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Volume: 36, Issue: 2 (2008)
On Being A ‘Good’ Interviewer: Empathy, Ethics And The Politics Of Oral History
This paper explores ethical and political questions involved in interviewing informants defined simultaneously as ‘victims’ and ‘perpetrators’ of past violence. It recognises the political urgency of oral history interviews with subjects marginalised or oppressed by traditional historical narratives. It also stresses the important work on power dynamics in the oral history interview and in particular the impact of feminist oral history. In light of the increased influence memory studies and models of interviewing as witnessing and testimony, however, the article cautions against the tendency for interviewers to identify too closely with victims of past violences. With examples from experiences of interviewing female supporters of political violence in the Basque country, the article argues the need to consider the complexities of empathy and emotion in the interview setting, and the importance of distinguishing between empathy and solidarity in oral history.
Author(s): Carrie Hamilton
Keywords: empathy, emotion, ethics, feminism, memory, solidarity

Coming To The End Of The Line? Identity, Work And Structures Of Feeling
This article seeks to explore the link between work and social identity. It comes from a study of 120 work-life histories collected from respondents in three occupational sectors: railways, teachers, banking. These oral testimonies form the core of the research project and are instrumental in constructing a theoretically informed empirical analysis on the topic of work and its contemporary significance. This article asks some preliminary questions about how to examine and scrutinise these work-life histories through aspects of narrative analysis that then helps explore ‘structures of feeling.’ Key to this is some understanding of narrative structures and language in use, and the article draws on the work of Raymond Williams and Valentin Volosinov to illuminate these concerns.
Author(s): John Kirk
Keywords: work-life histories; structures of feeling; dialogics; narrative

Narratives Of South Asian Muslim Women In Leicester 1964-2004
This article draws on interviews with South Asian Muslim women and explores the narratives of suffering, which were used to articulate their gendered experiences of growing up in the household and their encounters with Islamophobia following September 11th. It is argued that, in the process of analysis, it is important to attend to other features of the narrative, such as the trajectory of the life story, to highlight moments of negotiation and agency, to contextualise the interviews with secondary sources, and to reflect on the role of the interview relationships. This helps to avoid reproducing misunderstandings about South Asian Muslims and ultimately challenges stereotypes that Muslim women are helpless victims or that Muslims are self-segregating.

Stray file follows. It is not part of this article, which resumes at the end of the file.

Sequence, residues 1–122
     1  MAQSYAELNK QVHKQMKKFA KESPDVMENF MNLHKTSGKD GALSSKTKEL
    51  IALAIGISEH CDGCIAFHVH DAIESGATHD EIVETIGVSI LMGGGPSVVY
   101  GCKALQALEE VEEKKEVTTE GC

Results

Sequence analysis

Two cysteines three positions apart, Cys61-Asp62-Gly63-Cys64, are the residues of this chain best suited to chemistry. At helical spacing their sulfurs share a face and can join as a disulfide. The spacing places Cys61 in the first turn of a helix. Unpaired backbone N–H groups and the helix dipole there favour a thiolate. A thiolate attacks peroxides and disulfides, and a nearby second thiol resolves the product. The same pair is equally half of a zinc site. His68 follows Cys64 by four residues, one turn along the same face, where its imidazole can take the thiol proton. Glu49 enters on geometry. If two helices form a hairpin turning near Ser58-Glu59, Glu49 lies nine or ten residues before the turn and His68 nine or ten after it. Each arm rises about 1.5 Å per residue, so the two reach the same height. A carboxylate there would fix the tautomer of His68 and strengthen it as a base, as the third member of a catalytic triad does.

Author(s): Joanna Herbert And Richard Rodger
Keywords: Narratives, cross-cultural interview, Islamophobia, South Asian Muslims

Memory And Silence In The Vietnamese Diaspora: The Narratives Of Two Sisters
In one of the largest and most visible diasporas of the late twentieth century, approximately two million Vietnamese left their homeland after the end of the Vietnam War in 1975 and made new lives for themselves overseas. This article examines the experiences of two sisters who escaped from Vietnam in 1978 and lost their only brother at sea during the journey. A third sister also escaped but has since died of cancer. The narratives of the two surviving sisters reveal distinct interpretations of past traumas, as well as the silences in their lives. Their retellings crisscross and shape each other to paint a multifaceted portrait of sibling relationships, the experience of exodus, the pain of loss, and the challenges of moving on.
Author(s): Nathalie Nguyen
Keywords: Vietnamese diaspora; refugees; memory; sisters; silence; trauma

Land, Identity, School: Exploring Women’s Identity With Land In Scotland Through The Experience Of Boarding School